Friday, May 16, 2008

Just For Fun

Do they make you feel happy?

Wednesday, May 14, 2008

Down Syndrome Awareness

I have seen some people balk at the words "special child", as if they were thinking someone with a mentally or physically handicapped child thought their child was more special and deserved more love than other children. I could see how that might rub people wrong when they don't know what is meant by that phrase. When you think about what is involved in raising a handicapped child, you would realize that it just means that they have a special set of needs from us. Like extra attention and time for everything they need to learn that normally wouldn't take as much work, not only from us family members but also from themselves. And special patience to deal with their slow progress (and not being able to let go of bad habits and behaviors). They need advocates in order to win community acceptance. They need impossible answers from us about why they may never be quite ready for the natural processes of life, like driving a car, buying a house, and getting married (or achieving Power Ranger skills!). No matter how old they are they will always need our extra involvement in their daily life, not only to make sure they remember (or need help with) grooming, chores, homework, connecting with friends, getting to work on time... but also to make sure they don't just sit on their bed all day long, or take off on their bike and forget how to come back.
So "special child" or "special needs child" doesn't mean we elevate them above the specialness of every other child, but that they will always require more, or special attention from us. And as our other children, whom we proudly (though reluctantly) see going off on their own so much faster, making their own lives, we secretly relish still having one to be the companion of our old age.
Some people don't want to have to come across special needs people in public, maybe because they don't know how to act around them. I take my son with me most of the time when I'm out in public, partly so he will feel comfortable in our community, and partly so the community will become comfortable seeing people that are different from them, and learn acceptance. There are many cashiers that are used to seeing Stephen with me and talk to him regularly. When he's not with me at times, they ask me what he is doing or is he okay? Ever since he was a baby people have approached me and said it is nice to see someone like him in public (I know they don't know how else to express it) because they also have a child or relative with a handicap.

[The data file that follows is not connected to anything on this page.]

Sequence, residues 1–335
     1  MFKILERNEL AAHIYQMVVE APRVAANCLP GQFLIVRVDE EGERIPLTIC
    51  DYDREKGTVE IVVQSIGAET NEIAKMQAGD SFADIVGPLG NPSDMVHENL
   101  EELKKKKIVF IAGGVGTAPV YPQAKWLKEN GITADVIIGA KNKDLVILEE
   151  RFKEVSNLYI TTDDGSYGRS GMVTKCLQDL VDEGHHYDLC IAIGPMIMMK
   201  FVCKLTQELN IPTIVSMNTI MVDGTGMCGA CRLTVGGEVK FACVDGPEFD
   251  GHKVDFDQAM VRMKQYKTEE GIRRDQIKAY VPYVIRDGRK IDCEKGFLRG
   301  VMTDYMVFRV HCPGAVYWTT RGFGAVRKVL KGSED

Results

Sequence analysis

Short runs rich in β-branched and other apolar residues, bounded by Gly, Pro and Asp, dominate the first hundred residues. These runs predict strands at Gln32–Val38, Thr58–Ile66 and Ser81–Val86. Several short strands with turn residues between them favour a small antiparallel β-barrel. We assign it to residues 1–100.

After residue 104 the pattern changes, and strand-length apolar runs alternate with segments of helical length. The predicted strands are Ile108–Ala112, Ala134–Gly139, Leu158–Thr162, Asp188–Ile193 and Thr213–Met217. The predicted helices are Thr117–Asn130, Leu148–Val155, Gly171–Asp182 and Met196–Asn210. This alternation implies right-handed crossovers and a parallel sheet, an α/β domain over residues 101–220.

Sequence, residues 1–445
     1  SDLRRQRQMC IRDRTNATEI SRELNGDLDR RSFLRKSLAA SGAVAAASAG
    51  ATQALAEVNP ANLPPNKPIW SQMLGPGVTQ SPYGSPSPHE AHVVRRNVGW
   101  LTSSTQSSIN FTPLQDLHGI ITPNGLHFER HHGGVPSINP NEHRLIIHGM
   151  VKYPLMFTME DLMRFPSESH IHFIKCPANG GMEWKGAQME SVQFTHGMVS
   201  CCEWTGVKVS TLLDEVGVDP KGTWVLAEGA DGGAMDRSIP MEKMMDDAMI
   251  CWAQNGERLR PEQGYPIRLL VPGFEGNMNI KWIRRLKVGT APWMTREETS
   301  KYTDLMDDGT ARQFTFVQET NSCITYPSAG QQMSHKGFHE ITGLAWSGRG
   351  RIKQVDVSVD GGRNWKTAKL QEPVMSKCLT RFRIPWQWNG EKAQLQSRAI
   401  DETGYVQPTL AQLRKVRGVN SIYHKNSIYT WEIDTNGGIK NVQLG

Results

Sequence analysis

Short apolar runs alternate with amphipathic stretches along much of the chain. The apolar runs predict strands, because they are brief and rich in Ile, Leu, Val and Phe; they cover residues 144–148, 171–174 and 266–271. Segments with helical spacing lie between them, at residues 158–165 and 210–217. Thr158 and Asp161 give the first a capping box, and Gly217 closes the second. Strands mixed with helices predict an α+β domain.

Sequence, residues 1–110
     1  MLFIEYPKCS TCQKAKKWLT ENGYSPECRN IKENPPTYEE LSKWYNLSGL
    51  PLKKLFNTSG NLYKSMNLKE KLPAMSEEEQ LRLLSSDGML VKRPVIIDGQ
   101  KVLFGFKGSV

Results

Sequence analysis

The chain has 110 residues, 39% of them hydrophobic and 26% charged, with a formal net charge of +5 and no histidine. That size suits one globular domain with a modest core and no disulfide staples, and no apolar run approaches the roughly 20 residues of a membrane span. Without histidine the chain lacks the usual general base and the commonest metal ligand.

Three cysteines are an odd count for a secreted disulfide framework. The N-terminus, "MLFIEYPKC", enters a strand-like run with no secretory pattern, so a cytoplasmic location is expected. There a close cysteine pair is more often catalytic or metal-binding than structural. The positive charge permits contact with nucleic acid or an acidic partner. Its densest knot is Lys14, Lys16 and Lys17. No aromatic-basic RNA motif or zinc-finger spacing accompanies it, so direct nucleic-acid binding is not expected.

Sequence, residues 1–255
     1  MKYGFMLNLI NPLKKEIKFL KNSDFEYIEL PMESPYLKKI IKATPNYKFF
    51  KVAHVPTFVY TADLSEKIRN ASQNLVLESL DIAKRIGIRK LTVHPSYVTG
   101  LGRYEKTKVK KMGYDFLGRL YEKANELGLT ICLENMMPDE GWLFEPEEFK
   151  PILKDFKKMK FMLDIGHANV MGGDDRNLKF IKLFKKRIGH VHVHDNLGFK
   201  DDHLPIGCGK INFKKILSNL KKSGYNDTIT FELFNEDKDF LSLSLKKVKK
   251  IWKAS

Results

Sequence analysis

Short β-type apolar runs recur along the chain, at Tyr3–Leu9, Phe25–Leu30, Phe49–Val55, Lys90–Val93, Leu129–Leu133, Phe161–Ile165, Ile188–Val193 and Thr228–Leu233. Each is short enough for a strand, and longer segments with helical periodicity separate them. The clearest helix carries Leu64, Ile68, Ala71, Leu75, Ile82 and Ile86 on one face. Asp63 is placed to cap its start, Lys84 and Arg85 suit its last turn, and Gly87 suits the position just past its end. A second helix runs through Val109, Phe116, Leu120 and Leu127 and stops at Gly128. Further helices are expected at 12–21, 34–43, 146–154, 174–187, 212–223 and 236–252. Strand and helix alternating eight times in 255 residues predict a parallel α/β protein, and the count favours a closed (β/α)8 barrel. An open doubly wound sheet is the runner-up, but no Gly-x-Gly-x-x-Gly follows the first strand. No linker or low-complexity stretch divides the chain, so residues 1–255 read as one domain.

The more that special needs kids are involved with the public the more they can be accepted, and even enjoyed, by those who get to know them. That is why there is a Down Syndrome Day (March 21st), just to remind our communities that they want to be accepted too. It isn't DS Day today, but I found a great video (below) that I can't wait to share. It's made by Renee from Life With My Special K's and she has given me permission to use it. There are lots of other great videos on You Tube but I don't want to over-do it because this one is 15 minutes long, with some very nice songs too, so I'll post some of them later.
Also, here is a new Down Syndrome blogger, (check out the post on "Dreams") and you can find many others through Google, or these bloggers blog rolls.

Sunday, May 11, 2008

Happy Mother's Day - Eve, The Mother Of All Living

Eve's humiliation must have been debilitating when she realized what it really meant to be deceived by Satan, when her eyes, along with Adam's, were opened to the knowledge of good and evil. This is evident when they tried to cover their shame and hide from God. Though they had to live with the consequences, their Father clothed them in forgiveness and gave a promise for their future. Eve may not have fully understood God's curse on the serpent, but in her despair she could treasure the hope that one of her own offspring would destroy the one who led her to this predicament, overturning the wickedness that she had taken part in.
With the gift of each child came the confirmation of God's promise for that coming Redeemer. I wonder if she imagined that one of these immediate sons would be the one to crush the evil one that haunted her daily. I think I would have anticipated every day to be the fulfillment of that freedom. I'm sure it crushed her heart to have to live through evil once again taking hold of her family when Cain killed Abel, no doubt longing for her sin-free Eden. In fact every time that tempter made himself known to all the generations that she lived through, she found comfort in those sacrifices that reminded her of her Father's mercy and grace.

The godly line that came from their grandson Enosh (Gen.4:6), which lives through the faith of millions today, proves to be an infinitely more enduring legacy than her sin. Heaven will be filled with her redeemed offspring, eternally occupied with celebrating the work of her Seed.*

*Some exerpts taken from Twelve Extraordinary Women - ch. 1, J. MacArthur